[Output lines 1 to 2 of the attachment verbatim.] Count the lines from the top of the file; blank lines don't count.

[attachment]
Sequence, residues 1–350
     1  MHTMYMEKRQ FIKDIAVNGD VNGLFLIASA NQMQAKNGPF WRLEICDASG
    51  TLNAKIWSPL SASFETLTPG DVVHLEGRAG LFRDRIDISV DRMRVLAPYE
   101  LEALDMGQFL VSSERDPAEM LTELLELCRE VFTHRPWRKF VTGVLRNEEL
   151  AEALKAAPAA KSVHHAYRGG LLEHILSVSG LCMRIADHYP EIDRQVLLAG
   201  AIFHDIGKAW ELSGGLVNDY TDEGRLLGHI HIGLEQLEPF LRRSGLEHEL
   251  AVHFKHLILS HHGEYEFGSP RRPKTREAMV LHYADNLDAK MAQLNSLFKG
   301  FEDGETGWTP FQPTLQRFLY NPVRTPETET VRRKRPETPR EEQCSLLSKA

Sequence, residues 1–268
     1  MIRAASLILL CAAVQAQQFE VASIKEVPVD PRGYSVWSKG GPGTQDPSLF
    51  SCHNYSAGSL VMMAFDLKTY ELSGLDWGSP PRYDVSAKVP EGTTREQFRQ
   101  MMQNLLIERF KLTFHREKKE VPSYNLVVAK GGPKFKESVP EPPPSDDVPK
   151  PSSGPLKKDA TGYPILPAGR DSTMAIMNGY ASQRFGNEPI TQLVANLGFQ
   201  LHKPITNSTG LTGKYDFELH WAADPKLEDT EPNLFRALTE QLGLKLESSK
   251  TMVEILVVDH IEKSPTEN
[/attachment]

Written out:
Sequence, residues 1–350
     1  MHTMYMEKRQ FIKDIAVNGD VNGLFLIASA NQMQAKNGPF WRLEICDASG